New Clause 14 - Parish councils: power to set up local energy schemes

Part of Climate Change and Sustainable Energy Bill – in a Public Bill Committee am 2:30 pm ar 9 Chwefror 2006.

Danfonwch hysbysiad imi am ddadleuon fel hyn

Photo of Malcolm Wicks Malcolm Wicks Minister for energy, Department of Trade and Industry 2:30, 9 Chwefror 2006

I do not think it stops rain. I might develop a joke about parish heat pump politics, but I will leave it at that.

I was interested in the range of possibilities under the community energy heading in which parish councils could get involved, and particularly intrigued by the idea of inter-parish energy forums. Perhaps on Report, an hon. Member will table an amendment, which we may not accept, that people can only walk or ride their bicycles to the inter-parish energy forums. We need consistency in what we are doing.

We should not lose sight of the fact that parish and town councils vary enormously in size, activities and circumstances. The main source of a parish council’s income is its precept on the district or unitary council. They are not, however, subject to the constraints on principal authorities through financial measures such as capping. The powers of well-being in the Local Government Act 2000 do not apply to them.

Parish councils could rely on the powers they have under section 137 of the Local Government Act 1972 to set up local energy schemes, which is a general power to spend where expenditure is in the interests of, and will bring direct benefit to, the area. The power is limited to spending locally and there are some legitimate doubts over the scope of it. In principle, we think the power that the new clause would introduce could be useful, and would enable parish councils to take part in setting up local energy schemes.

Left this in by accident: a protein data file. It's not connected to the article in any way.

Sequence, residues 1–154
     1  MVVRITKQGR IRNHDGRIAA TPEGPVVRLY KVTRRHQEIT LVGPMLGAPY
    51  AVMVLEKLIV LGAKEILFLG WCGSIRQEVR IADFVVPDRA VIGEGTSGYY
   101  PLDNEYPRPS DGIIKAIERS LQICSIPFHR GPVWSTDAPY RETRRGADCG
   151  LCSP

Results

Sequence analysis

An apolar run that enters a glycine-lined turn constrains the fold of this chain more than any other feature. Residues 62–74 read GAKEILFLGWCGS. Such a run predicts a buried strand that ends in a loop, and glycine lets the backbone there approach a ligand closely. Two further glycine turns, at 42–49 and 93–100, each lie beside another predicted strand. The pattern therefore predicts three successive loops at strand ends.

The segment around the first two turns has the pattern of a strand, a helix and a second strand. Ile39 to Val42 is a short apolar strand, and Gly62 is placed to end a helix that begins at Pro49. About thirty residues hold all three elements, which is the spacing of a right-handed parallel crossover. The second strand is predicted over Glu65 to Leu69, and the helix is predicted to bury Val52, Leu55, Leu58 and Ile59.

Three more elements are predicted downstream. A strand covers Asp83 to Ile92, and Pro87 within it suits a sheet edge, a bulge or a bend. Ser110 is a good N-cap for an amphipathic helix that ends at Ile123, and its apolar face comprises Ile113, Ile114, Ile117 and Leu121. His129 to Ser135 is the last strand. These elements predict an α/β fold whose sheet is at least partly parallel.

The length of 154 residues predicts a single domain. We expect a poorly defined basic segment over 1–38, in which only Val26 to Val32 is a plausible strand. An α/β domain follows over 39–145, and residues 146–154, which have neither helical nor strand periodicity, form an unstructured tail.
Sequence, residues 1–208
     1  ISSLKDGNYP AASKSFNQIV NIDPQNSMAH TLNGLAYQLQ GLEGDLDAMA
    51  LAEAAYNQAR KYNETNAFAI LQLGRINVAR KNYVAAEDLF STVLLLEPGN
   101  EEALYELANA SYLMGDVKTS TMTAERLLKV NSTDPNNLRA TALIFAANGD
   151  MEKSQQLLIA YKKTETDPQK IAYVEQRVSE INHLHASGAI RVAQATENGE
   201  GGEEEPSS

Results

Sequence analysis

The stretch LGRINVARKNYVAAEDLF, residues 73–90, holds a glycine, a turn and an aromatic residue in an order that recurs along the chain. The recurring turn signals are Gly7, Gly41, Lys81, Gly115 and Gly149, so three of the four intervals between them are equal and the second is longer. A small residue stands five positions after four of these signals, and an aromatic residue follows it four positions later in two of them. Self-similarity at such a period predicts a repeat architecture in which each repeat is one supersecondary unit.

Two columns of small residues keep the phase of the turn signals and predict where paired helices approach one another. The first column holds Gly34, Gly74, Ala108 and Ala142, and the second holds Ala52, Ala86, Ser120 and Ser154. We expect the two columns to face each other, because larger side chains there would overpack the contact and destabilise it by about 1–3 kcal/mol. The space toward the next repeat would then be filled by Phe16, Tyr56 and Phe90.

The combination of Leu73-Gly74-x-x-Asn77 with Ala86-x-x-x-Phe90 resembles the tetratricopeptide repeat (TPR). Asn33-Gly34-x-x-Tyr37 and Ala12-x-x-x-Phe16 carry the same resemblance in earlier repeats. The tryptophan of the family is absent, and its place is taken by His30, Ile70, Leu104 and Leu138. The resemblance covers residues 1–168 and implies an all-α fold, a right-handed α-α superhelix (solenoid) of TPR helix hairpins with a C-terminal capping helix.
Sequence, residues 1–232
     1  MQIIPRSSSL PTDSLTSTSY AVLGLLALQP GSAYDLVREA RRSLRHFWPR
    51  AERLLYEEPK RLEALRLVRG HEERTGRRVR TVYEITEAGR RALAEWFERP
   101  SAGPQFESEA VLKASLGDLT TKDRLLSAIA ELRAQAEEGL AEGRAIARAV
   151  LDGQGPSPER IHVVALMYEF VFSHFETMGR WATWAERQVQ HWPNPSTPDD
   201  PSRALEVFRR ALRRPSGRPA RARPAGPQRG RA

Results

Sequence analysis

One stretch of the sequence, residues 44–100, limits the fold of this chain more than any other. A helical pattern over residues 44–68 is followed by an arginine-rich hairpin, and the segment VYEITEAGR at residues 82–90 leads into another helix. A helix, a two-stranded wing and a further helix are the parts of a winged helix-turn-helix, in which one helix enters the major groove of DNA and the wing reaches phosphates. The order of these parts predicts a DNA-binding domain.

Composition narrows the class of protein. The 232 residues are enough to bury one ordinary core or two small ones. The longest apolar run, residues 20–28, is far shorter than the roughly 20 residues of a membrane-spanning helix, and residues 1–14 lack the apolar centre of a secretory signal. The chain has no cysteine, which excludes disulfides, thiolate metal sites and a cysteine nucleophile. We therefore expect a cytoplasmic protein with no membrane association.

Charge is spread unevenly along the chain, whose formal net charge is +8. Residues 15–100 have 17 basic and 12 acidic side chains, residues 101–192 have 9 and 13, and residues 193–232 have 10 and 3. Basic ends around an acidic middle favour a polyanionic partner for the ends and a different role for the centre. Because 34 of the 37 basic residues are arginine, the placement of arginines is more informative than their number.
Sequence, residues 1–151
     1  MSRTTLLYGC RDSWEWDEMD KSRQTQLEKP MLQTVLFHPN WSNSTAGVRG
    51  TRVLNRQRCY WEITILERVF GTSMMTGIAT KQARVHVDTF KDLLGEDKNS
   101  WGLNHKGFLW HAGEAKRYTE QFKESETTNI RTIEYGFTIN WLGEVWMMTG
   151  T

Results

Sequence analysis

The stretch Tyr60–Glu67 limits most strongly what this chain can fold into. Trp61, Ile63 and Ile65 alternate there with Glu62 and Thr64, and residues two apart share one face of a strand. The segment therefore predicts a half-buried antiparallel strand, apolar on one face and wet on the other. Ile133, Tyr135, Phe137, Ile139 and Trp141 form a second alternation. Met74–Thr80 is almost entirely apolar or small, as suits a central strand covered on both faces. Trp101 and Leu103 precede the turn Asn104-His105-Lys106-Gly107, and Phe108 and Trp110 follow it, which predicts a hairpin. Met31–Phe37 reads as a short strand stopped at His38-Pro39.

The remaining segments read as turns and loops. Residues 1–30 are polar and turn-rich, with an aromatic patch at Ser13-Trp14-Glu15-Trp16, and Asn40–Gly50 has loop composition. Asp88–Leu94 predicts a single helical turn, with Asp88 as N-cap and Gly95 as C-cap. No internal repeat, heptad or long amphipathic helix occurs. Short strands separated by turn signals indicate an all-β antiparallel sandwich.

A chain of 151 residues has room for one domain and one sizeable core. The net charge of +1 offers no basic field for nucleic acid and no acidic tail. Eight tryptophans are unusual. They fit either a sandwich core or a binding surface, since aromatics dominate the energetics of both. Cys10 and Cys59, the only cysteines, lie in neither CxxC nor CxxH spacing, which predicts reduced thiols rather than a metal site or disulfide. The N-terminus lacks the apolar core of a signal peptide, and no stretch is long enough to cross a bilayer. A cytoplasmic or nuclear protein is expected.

We have some concerns about the scope of the limited power that local councils have in that respect and we need to explore the issues further. I undertake to consider them in greater depth with the intention of tabling a Government clause at a later stage. In the light of my comments, I hope that the hon. Gentleman will be persuaded to ask leave to withdraw the new clause.

New clause 15 proposes an amendment to the Local Government Act 2000 to clarify the fact that the powers given to principal authorities to promote or improve the economic, social and environmental well-being of their areas also enable them to take action to alleviate climate change. The intention is well founded; if we are to succeed in reducing the emission of the harmful greenhouse gases that are causing climate   change, we need to take action at all levels, not just in the international arena or in nation states, but at the most local of levels.

Local authorities are taking action. Bracknell Forest borough council is a good example; it has used well-being powers to provide a financial guarantee, enabling the go-ahead for the use of sustainable energy in its town centre regeneration. I am advised that a number of London boroughs have used the powers to work with an organisation called Smart Moves Ltd—it sounds like it might be advising the Conservative party at the moment, but I do not know whether it extends that far—in the setting up of CityCarClub, which helps to reduce car use, thereby reducing pollution, congestion and greenhouse gas emissions. Local authorities are therefore already using well-being powers to tackle climate change, which is why I believe the proposed clarification to be unnecessary. The new clause may also cast doubt on the breadth of the power to promote or improve well-being, by signalling that it is not as wide as indicated by the statutory guidance. We believe that it is likely to cause more confusion than clarity.

The Government were required by the Local Government Act 2000 to produce statutory guidance on the exercise of the well-being powers, which is useful in this debate. The guidance followed consultation with local government representatives, and was launched in March 2001. Before exercising the powers, principal authorities must have regard to the statutory guidance. Paragraph 6 sets out a broad range of the powers and states:

“Authorities will also wish to consider how the new power can help them to contribute locally to shared national priorities, such as action to combat climate change.”